16 March 2005


Sergeant 1st Class Nathan Chapman became briefly famous when he died in an ambush near the Afghan town of Khost in early January 2002.

During a video interview, his wife, Renae Chapman, said, “He gave everything he had, everywhere he was, to everyone he knew, and he wanted everyone happy.” She recalled how Sergeant Chapman frequently invested in their two children: “He never sat around. He was always, always doing something, taking them for a walk, giving them a bath, playing with them in the park.”

Take the Opportunity
A nation will remember Sergeant Chapman’s heroic death, but his wife and children will remember a husband and father who freely gave to them long before he landed in Afghanistan. And that generosity can continue reproducing itself like ever-widening ripples on a pond.

Most people do not have extraordinary wealth; most will never receive recognition from outside their circle of acquaintance. Generous individuals, however, manage whatever resources they have and do the “little” things that contribute to others’ lives.

Dramatic events might not throw you into the world’s spotlight, but you can find out what a customer needs, encourage a coworker, and spend an evening with the family when you could be doing something more exciting.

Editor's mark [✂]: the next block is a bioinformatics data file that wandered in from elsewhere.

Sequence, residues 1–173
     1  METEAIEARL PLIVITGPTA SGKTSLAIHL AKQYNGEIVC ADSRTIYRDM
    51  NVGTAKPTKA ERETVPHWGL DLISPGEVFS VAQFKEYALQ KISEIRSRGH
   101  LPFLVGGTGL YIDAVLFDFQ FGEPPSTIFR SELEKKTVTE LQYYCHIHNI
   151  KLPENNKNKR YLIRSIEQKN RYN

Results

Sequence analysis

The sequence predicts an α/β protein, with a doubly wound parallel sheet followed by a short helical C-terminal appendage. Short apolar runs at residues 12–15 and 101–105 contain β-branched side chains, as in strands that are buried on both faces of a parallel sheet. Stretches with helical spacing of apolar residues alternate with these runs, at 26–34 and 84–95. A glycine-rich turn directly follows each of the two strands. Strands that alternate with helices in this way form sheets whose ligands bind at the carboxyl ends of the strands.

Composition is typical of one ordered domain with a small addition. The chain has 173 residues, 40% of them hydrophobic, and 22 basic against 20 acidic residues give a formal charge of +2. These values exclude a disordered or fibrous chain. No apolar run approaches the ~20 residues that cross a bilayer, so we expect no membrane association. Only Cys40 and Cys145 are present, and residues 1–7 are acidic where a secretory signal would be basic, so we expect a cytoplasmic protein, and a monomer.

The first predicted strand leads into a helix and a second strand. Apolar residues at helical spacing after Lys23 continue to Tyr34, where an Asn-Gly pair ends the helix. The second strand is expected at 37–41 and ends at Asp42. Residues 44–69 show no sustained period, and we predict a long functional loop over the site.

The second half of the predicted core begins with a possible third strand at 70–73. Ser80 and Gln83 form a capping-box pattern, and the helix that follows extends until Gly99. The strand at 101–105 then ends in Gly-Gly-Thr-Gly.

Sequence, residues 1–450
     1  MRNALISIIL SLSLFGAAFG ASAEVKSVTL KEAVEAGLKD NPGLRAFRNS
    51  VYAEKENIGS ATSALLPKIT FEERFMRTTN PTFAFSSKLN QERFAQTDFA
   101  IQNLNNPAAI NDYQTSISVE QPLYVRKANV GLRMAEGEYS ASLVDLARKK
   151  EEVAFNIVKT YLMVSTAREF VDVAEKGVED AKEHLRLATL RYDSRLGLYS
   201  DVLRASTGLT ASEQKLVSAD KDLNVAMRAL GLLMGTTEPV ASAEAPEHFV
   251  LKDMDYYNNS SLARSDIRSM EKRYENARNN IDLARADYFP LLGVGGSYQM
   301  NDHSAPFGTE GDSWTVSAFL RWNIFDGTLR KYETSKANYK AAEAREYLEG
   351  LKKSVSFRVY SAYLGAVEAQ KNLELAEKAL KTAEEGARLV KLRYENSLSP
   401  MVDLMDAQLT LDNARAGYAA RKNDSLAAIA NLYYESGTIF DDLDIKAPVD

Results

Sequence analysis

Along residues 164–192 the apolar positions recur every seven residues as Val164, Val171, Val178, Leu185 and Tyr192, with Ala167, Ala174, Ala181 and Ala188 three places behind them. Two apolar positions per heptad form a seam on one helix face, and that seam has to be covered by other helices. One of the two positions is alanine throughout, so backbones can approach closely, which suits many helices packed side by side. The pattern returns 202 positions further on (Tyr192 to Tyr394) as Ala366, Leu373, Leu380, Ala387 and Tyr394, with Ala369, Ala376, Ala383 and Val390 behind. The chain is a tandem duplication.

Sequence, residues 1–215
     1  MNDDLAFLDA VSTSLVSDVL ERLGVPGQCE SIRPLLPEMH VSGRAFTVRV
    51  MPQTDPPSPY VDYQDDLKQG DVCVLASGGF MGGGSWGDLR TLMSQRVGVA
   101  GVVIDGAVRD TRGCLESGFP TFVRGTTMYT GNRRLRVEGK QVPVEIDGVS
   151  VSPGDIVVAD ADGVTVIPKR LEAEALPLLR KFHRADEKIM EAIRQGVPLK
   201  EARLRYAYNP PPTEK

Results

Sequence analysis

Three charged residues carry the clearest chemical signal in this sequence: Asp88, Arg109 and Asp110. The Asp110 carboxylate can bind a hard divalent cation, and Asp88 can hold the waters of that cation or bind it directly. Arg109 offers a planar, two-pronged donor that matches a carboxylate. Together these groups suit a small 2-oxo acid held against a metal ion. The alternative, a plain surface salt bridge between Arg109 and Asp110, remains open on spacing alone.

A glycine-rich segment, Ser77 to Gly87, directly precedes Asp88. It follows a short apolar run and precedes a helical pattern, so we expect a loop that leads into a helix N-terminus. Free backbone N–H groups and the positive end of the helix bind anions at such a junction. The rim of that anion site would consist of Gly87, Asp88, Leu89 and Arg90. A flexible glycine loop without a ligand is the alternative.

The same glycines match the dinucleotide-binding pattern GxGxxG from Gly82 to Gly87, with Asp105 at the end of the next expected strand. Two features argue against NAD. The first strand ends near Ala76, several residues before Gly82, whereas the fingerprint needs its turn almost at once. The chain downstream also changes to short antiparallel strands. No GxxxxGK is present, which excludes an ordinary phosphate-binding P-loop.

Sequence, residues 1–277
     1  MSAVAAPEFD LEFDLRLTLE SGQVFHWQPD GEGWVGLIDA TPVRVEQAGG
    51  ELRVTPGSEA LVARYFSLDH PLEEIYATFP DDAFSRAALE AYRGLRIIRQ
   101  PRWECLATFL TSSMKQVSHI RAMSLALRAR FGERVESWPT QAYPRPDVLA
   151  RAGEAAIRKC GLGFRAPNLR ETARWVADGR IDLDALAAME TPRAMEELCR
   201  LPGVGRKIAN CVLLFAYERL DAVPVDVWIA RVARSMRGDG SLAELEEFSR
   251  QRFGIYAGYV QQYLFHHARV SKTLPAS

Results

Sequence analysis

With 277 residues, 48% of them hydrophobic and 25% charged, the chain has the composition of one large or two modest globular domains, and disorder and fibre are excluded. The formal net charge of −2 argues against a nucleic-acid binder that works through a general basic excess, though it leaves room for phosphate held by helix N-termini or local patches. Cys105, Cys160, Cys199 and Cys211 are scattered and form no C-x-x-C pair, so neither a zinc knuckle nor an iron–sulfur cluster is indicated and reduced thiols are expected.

Start Today
Develop habits of personal improvement that will allow you to bring greater creativity to your job. Learn from your experiences rather than merely waiting for challenges to go away.

Work at understanding the people around you. Know their preferences, skills, and strengths so that you can help them succeed. Manage your time so that you have the time to help others when they have problems.

Recognize your own limitations. Do not try to make decisions for others or assume that you completely understand the problem or the solution. The goal of generosity is not to “fix” the person, but to make their burden lighter in whatever way you can.

Change Your World
When someone asked her how she wanted her husband remembered, Renae Chapman said, “I want them to remember him as a quiet professional who just wanted to change the world.” This sounds like an ambitious goal, but it is already true for Sergeant Chapman’s friends and family.

Dedicate yourself to recognize needs and help others. Changing the world might not be that far away!

This article first appeared in Character First's bulletin series 3. It is reprinted here with permission from Character First and Strata Leadership.

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